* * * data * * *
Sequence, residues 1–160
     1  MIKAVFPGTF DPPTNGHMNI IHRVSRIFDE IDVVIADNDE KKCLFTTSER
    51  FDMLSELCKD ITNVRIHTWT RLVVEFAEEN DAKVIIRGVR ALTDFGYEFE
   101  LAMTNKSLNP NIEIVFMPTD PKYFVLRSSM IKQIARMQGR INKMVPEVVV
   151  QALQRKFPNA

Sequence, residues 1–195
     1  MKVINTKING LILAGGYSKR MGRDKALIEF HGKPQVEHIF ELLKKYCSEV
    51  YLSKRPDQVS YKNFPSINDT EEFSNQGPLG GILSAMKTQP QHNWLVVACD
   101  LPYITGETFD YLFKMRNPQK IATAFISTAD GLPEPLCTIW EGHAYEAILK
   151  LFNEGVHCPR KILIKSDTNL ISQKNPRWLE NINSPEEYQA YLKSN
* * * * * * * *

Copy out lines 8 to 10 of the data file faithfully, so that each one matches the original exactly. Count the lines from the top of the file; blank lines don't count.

    51  YLSKRPDQVS YKNFPSINDT EEFSNQGPLG GILSAMKTQP QHNWLVVACD
   101  LPYITGETFD YLFKMRNPQK IATAFISTAD GLPEPLCTIW EGHAYEAILK
   151  LFNEGVHCPR KILIKSDTNL ISQKNPRWLE NINSPEEYQA YLKSN